Dead Endings: Book 2, Chapter 4
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“Get that out of my face. Now.”
Cailen held her breath as seconds ticked by. Neither party moved.
“Just stop being a bitch for one second and listen,” Jan ground out around a clenched jaw.
“Like I want to with a freaking gun pointed at me!” Gabriella yelled back at him.
The gun wavered in Jan’s frustration.
Cailen followed the minute dips of the barrel with an anxious eye. She wasn’t super familiar with guns, but she couldn’t recall him thumbing the safety off, and surely he wouldn’t have put it in his pants with it engaged. Right…?
Beside her, she heard Everett swallow.
“We could spare a minute,” Cailen said carefully. “If you put the gun away,” she added as Gabriella continued to glare stubbornly at Jan. Her friend snorted but didn’t challenge the suggestion.
Jan relaxed a little, which was good because Indira suddenly appeared from a back office, startling them all.
“Jan Grabowski!” she cried, spying the gun. “How dare you bring that thing in here! With everything Ruben has done for you! Get out of my shop!”
“Indira, just give–”
“I said out! And if you ever want to come back here again, you’ll know better than to bring a gun!”
The two thugs looked to Jan for guidance, but he just closed his eyes and took a deep breath like a man at the end of his rope. Cailen noticed the dark rings under his eyes and wondered if that’s exactly what he was. It didn’t give her confidence that he wouldn’t accidentally shoot them.
“Let’s…take this outside,” she said tactfully as she made gentle shooing motions with her hands. It seemed to break the standoff.
Jan slowly lowered the gun, then stowed it somewhere in the recesses of his track pants. He turned without a word. He and the other two men made for the door under Indira’s scathing gaze. Cailen and company followed close behind.
“I’ll be seeing you soon, boy,” Indira called sweetly after Everett.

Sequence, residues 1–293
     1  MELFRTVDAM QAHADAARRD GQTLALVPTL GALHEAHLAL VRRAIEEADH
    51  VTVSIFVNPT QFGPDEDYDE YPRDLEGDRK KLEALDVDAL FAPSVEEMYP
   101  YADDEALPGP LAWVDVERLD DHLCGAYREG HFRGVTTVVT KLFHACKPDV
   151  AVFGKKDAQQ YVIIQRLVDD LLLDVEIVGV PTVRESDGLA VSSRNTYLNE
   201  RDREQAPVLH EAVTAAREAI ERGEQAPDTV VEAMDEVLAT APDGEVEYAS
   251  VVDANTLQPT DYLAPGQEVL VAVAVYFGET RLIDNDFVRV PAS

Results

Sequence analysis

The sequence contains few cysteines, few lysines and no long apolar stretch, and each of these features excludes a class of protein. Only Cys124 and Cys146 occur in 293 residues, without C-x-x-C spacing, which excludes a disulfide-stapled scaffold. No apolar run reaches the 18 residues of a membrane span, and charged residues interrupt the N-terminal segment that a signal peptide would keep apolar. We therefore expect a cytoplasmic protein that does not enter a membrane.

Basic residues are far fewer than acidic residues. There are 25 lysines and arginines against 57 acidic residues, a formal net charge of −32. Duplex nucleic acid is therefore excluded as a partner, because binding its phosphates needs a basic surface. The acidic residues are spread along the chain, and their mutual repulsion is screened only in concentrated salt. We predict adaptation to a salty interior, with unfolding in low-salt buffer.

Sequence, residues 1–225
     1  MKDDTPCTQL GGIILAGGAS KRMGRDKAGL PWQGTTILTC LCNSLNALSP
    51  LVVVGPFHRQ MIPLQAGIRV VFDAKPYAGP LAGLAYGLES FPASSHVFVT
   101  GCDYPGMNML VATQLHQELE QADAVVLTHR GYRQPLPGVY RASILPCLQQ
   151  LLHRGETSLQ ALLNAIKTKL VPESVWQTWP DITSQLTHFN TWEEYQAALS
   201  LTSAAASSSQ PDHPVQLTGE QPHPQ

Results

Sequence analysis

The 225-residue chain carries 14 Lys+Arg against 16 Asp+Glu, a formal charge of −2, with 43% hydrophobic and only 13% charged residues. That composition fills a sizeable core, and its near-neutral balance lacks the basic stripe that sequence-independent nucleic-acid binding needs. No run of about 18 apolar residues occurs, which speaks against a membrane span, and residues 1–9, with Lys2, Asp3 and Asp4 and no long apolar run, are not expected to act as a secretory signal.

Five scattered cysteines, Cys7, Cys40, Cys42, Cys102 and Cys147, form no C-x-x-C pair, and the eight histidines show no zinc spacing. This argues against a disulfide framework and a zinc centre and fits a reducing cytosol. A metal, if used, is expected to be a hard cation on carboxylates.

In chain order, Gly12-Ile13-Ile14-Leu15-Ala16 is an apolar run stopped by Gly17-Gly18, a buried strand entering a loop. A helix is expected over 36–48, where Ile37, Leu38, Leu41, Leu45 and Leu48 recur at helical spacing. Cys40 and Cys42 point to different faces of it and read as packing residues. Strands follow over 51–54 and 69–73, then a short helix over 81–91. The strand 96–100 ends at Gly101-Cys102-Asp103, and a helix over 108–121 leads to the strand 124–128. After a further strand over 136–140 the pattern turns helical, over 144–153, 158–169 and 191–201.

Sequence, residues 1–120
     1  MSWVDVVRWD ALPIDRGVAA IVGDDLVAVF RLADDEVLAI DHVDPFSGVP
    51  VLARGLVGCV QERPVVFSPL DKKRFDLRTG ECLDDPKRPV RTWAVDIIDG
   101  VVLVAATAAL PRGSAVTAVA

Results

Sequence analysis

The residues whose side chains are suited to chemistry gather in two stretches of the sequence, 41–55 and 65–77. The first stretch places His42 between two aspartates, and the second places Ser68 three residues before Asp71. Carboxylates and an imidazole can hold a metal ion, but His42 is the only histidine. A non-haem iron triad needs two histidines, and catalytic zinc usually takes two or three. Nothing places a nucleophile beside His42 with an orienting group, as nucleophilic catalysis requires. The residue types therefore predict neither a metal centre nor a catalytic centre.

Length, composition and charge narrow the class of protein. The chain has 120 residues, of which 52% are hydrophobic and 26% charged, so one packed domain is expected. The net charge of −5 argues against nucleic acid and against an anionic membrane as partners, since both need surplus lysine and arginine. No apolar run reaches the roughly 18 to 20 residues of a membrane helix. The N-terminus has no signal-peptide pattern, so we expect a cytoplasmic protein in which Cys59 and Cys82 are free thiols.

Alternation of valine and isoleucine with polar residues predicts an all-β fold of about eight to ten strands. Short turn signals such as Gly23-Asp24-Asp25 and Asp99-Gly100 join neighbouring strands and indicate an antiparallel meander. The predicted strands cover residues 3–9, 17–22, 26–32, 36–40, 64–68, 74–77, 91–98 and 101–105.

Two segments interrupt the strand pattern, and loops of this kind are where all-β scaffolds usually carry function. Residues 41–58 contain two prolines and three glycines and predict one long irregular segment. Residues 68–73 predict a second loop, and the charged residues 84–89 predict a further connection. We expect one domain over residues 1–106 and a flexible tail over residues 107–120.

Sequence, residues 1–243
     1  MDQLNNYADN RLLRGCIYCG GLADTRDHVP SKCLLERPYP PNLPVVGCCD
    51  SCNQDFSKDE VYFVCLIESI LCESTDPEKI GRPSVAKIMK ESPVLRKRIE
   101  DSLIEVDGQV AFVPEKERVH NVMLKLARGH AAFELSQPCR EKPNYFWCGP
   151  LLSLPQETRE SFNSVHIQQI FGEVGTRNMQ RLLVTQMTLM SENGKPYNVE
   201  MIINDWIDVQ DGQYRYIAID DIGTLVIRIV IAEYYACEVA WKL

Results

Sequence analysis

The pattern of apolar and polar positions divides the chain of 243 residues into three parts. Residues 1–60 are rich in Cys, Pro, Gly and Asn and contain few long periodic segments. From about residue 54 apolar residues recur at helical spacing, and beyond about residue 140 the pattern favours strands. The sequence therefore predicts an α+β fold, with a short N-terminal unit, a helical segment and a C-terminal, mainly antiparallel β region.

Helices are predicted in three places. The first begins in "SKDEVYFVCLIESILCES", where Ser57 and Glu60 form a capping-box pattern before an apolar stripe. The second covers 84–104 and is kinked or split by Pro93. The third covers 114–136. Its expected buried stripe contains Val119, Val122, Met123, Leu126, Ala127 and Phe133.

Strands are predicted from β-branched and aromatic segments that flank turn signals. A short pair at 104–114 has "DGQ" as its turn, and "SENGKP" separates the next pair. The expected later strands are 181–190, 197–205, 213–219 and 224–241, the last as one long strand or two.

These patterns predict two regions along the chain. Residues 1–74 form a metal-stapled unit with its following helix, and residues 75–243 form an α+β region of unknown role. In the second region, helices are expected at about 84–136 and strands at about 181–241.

Once outside, Jan motioned for them to follow as he and his crew made for the slightly more discreet concrete porch of an adjacent building.
Cailen looked to Gabriella, who shrugged.
“Let’s just get this over with,” Gabriella grumbled.
“But what about the gun?” Everett hissed over her shoulder.
“He wouldn’t dare. Jan’s many things, but he’s not the type to just blow someone away.”
Cailen frowned at the trio ahead of them. “Then why’d he pull it?”
“Guess we’ll find out,” Gabriella said, and strode off after them.
Cailen and Everett followed, albeit more slowly.
Gabriella addressed the three men with hands on hips. “All right, Jan. Spit it out before I change my mind.”
Jan opened his mouth angrily, then closed it. He took a deep breath and tried again.
“I need you to take care of a ghost, and I need it done tonight.”
“And why should I wipe a ghost for you? Jan, we dislike each other. Intensely. Go ask Molina or something–she’d be happy to take a job for a bit of money.”
“You don’t think I tried her already?! Molina’s been in the hospital for weeks. She had a stroke. Fuck, Benitez.”
Gabriella frowned. “Molina had a stroke?”
“You’d know if you were ever at The Laundry! I’ve had my guys there for over a week now waiting for your ass to show up.”
“Speaking of ‘your guys,’ what do you need me for? Your boy Antoni over there has some ability. Do it yourselves!” she growled back.
“He tried and he fucked up!” Jan yelled back at her. The taller of the two thugs beside Jan looked down at the pavement, his expression twisted and unhappy.
“Just…” Gabriella massaged the bridge of her nose. “Just explain it to me, then. What happened?”
“There’s this evil bitch of a duch, and it’s eating my cousin.”
There was silence as everyone digested this.
“Well,” Cailen said into the vacuum. “I didn’t feel like going home just yet, anyway.”